The winner of Plant Your Own Garden is No. 6, Char! Congratulations, and have fun putting the techniques into your appliqué bag of tricks!
At Quiltfest Oasis in Palm Springs over the weekend, there was a special exhibit of quilts made by members of the Baltimore Appliqué Society. In the booth one day I struck up a lovely conversation with a fellow appliqué enthusiast, who told me she had followed her quilt to California all the way from Maryland. Kelly Kout, I enjoyed talking with you!!
Here’s Kelly’s quilt, “Flowers for Jean,” designed by Lori Smith.
That is one gorgeous, amazing, handcrafted masterpiece.
Next week… the fabulous Pacific International Quilt Festival!
By Kay Mackenzie
This month, courtesy of AQS Publishing, we have Rebecca L. Campbell’s charming book Plant Your Own Garden.
This little book features a dozen original flower blocks that you can use to plant an appliqué garden. Each design can stand alone in a project of your own creation, or join the others in a sampler quilt.
Rebecca shares with us what inspired her to become an appliqué enthusiast and to develop her own system for pleasing results. Take it away, Rebecca!
I belong to a quilt guild, Quintessential Quilters in Columbus, Ohio. I thank that organization for the opportunity to take classes from an amazing list of famous quilters. Those teachers inspired me in a so many ways. I wanted be a part of the quilting business. but what was I going to offer? A seed was planted and I was searching for my way to inspire.
I fell in love with an appliqué pattern and became determined to learn turned-edge appliqué, but my results left a lot to be desired. I wanted perfect shapes right off the bat and didn’t want to spend time tracing or ripping freezer paper out. I matched up products that accomplished those tasks. I eliminated tracing by using a copier to create a placement guide (June Tailor’s Perfect Piecing) and templates (C. Jenkins Freezer Paper Sheets). If I ironed the freezer paper to the right side of the fabric it could be pulled off once the piece is in place. Print n Fuse ironed to batting enabled me to create trapunto without stuffing.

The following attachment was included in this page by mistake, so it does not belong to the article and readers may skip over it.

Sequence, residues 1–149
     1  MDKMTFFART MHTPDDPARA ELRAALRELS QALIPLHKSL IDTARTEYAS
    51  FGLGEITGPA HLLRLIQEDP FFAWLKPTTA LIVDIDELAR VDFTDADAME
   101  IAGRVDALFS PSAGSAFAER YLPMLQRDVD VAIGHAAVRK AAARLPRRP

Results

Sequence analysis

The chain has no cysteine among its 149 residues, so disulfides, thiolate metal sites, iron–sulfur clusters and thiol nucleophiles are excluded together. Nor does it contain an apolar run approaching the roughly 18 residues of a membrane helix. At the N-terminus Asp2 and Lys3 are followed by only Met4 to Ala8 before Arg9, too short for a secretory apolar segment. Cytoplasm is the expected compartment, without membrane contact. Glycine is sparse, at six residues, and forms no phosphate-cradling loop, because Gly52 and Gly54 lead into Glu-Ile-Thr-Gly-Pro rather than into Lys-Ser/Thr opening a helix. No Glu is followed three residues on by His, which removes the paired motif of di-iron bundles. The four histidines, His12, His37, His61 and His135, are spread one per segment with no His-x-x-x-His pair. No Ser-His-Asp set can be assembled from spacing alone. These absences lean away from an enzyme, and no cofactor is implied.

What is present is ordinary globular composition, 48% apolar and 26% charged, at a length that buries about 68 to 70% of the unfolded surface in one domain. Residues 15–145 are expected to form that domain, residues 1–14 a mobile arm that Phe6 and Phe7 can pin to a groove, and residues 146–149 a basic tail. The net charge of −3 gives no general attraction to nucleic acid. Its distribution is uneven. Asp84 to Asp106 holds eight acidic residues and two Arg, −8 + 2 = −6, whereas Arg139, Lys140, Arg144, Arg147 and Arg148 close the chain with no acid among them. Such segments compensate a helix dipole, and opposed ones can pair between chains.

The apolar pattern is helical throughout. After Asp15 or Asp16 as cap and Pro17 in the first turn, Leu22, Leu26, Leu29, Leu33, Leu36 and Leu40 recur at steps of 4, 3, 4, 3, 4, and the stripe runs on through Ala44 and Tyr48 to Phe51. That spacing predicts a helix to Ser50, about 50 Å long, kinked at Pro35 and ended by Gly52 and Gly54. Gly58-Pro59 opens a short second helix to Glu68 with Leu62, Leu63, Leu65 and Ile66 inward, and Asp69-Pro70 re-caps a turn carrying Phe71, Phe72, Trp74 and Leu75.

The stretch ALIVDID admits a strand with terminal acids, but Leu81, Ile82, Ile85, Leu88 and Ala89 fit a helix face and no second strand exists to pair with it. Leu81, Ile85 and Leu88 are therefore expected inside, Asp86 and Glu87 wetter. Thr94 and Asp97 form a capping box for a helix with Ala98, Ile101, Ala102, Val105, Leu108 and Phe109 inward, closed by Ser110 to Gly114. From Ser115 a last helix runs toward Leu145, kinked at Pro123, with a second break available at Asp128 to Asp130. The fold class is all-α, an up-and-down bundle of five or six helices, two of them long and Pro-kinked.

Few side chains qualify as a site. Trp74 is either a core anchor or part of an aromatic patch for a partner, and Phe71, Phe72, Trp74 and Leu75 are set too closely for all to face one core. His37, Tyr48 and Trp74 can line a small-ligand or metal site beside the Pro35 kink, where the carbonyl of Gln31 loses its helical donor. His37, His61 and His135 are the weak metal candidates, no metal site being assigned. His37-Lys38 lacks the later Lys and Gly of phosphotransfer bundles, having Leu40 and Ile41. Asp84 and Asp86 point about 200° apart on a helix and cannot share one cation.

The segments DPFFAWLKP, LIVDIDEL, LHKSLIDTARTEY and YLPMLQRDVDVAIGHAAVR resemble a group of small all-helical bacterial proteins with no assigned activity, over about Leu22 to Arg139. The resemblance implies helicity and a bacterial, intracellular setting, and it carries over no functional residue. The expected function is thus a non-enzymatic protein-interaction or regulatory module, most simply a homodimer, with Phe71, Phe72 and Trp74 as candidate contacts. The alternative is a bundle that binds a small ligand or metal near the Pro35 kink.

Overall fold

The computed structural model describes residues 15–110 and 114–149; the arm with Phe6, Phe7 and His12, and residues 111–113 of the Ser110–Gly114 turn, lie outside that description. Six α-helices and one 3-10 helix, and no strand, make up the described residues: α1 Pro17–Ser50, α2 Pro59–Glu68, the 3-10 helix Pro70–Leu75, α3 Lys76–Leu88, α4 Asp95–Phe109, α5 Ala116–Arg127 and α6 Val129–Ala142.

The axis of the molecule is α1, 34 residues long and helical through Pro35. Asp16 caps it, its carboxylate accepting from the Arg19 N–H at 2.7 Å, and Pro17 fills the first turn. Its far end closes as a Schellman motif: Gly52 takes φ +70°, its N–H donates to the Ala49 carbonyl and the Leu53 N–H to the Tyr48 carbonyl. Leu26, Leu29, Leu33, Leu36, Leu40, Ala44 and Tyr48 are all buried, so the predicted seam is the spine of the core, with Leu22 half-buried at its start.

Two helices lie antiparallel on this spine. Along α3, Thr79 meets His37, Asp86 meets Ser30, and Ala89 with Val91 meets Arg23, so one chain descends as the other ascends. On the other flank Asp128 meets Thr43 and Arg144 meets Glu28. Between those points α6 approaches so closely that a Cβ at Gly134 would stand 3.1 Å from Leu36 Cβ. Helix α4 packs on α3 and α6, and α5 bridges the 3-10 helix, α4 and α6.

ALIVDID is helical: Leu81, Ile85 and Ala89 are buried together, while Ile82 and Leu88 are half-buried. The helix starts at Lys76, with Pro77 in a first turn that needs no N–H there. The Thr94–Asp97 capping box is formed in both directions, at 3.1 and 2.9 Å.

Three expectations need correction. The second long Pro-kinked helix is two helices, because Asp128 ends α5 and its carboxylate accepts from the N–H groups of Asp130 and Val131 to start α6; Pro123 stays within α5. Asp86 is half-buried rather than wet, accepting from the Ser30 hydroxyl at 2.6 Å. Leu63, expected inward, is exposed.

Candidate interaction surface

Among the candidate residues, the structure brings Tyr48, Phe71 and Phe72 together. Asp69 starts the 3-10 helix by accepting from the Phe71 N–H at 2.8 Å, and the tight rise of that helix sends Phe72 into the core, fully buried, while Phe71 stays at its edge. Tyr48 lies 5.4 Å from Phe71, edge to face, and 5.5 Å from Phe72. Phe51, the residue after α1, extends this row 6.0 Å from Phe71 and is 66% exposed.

Now I had a method that worked well for me. Teaching classes was a test to see if it worked for others. Beginners were excited with their results and experienced appliquérs found it increased their accuracy and productivity.
I had a proven method that I titled Innovative Appliqué. Someone suggested I should create an original pattern to teach from. Sixty-one patterns and more in the works are available. All individual patterns are full size.
Designing, teaching, vending and trade shows lead to connecting with America Quilter’s Society to publish a booklet, Plant Your Own Garden. Twelve flower patterns, quilt construction, and Innovative Appliqué instructions are all included. I like to provide lots of pictures to show what I am explaining. The booklet patterns do need to be enlarged 111%. That is something I hope to avoid the next go round.
I hang a sign at shows that says Appliqué is not a four letter word. I think that is so funny.
At a recent Checker Distributors open house, Rebecca filmed a video presentation showing her appliqué techniques.
If you’d like to win this booket, please leave a comment before 7:00 p.m. California time on Monday, October 6. Open to U.S. mailing addresses only.
Good luck everyone!
By Kay Mackenzie